Keynes’ advocacy of constant and increasing deficits and his advocacy of a rapidly growing governmental sector resulted from “his belief that, in most cases, there was “something” that could be done that would improve the current situation. In this sense, it is perfectly appropriate that he is so widely associated  with his famous dictum ‘in the long run, we are all dead’; he did believe in most cases that  there were ways to improve the short-run performance of the economy”. (4)

Contrast this to Henry Hazlitt who taught 60 years ago that the art of economics consists in looking not merely at the immediate but at the longer effects of any act or policy; it consists in tracing the consequences of that policy not merely for one group but for all groups. (5)

Contrast now Henry Hazlitt again to Keynes. For Keynes, in the long term, we are all dead, so we can adopt some short-term stimulus whatever the long-term consequences for all groups in society.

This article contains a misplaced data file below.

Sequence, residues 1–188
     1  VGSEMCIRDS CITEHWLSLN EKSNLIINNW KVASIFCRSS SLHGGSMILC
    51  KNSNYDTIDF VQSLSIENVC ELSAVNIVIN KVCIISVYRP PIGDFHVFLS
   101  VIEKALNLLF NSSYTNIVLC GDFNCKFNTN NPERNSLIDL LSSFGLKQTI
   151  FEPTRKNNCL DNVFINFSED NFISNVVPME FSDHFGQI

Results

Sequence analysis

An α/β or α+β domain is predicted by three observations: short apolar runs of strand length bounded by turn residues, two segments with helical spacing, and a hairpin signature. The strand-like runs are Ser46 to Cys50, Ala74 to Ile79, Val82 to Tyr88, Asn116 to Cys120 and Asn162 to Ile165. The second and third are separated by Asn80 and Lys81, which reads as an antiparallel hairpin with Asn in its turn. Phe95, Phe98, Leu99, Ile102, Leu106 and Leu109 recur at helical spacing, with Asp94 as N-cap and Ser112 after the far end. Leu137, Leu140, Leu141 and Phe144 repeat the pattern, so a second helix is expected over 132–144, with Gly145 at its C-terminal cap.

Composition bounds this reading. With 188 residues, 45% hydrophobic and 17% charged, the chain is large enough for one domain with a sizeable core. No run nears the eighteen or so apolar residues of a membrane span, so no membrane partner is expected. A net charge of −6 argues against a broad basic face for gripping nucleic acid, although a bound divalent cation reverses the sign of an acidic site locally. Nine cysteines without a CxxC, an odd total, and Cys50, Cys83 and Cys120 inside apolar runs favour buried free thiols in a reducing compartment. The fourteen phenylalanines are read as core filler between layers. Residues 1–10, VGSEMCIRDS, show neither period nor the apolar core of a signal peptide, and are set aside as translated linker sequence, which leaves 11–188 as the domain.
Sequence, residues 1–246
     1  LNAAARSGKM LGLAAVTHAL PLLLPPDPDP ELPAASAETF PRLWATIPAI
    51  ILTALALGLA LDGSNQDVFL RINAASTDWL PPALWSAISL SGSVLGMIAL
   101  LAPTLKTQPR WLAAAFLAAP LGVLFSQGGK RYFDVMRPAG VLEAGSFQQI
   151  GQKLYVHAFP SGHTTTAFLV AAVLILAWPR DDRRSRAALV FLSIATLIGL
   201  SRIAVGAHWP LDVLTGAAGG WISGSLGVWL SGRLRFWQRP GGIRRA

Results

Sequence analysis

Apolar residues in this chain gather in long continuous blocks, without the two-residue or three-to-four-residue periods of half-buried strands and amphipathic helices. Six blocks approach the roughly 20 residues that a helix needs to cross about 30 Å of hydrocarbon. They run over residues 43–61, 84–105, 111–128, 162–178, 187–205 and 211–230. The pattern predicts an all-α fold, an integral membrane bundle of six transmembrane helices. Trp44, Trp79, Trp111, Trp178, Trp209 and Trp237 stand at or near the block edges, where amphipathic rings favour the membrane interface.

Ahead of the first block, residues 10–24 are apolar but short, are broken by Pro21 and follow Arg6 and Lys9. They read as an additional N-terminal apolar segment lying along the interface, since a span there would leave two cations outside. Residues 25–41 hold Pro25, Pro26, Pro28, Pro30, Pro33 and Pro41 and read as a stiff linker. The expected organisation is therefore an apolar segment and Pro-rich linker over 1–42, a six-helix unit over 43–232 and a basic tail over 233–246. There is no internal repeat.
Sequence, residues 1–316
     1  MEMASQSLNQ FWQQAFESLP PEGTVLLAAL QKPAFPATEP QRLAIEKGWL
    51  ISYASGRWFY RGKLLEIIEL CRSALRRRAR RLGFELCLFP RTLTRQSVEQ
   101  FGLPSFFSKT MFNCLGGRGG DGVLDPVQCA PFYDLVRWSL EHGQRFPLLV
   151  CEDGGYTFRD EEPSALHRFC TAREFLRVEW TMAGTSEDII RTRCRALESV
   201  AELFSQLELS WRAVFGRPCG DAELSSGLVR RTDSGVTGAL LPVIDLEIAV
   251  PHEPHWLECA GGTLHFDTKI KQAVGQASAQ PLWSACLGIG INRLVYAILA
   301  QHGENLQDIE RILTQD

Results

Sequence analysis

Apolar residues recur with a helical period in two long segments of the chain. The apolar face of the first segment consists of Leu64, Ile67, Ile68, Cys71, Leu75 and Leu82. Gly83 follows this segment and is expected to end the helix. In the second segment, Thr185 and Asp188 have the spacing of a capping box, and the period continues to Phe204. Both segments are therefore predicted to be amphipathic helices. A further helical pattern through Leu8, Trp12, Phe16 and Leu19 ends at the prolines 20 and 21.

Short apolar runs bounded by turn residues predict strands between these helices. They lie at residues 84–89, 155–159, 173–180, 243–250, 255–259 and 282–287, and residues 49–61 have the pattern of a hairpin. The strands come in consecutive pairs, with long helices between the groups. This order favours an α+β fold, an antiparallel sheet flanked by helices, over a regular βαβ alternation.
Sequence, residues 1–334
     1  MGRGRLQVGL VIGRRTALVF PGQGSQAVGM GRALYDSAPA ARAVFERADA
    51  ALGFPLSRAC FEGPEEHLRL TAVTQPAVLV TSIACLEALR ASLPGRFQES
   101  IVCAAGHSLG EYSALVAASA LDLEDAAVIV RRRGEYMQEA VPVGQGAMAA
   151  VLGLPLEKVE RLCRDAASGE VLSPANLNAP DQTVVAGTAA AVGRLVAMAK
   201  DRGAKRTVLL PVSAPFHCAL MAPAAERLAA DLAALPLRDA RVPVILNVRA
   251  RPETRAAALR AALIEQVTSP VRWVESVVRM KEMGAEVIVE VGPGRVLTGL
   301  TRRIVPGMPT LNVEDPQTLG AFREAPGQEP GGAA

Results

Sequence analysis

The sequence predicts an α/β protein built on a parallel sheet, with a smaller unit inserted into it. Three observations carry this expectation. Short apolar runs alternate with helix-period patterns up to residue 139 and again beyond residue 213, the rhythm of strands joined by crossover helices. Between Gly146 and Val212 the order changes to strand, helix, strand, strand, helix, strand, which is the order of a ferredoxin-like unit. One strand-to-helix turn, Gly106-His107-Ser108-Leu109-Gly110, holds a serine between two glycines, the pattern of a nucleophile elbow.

Nobel prize laureate Friedrich von Hayek could occasionally discuss the crucial issues with Keynes. Hayek realised that Keynes was not a highly trained economist, that Keynes was not even centrally concerned with the development of economics as a science. Keynes was neither a full master of the body of economic theory then available nor did he really care to acquaint himself with it. Keynes’ aim was to influence current policy and economic theory was for him simply a tool for this purpose, says Hayek. (6)

Although Hayek thus had the opportunity to realise that Keynes was not an economist, Robert Skidelsky comes arguing in his “Hayek versus Keynes; the road to reconciliation” chapter in “The Cambridge Companion to Hayek” (Edward Feser, ed., Cambridge University Press, 2006) that Keynes’ early death had removed the possibility of what would have been one of the most thrilling, and necessary, intellectual encounters of the twentieth century. (7)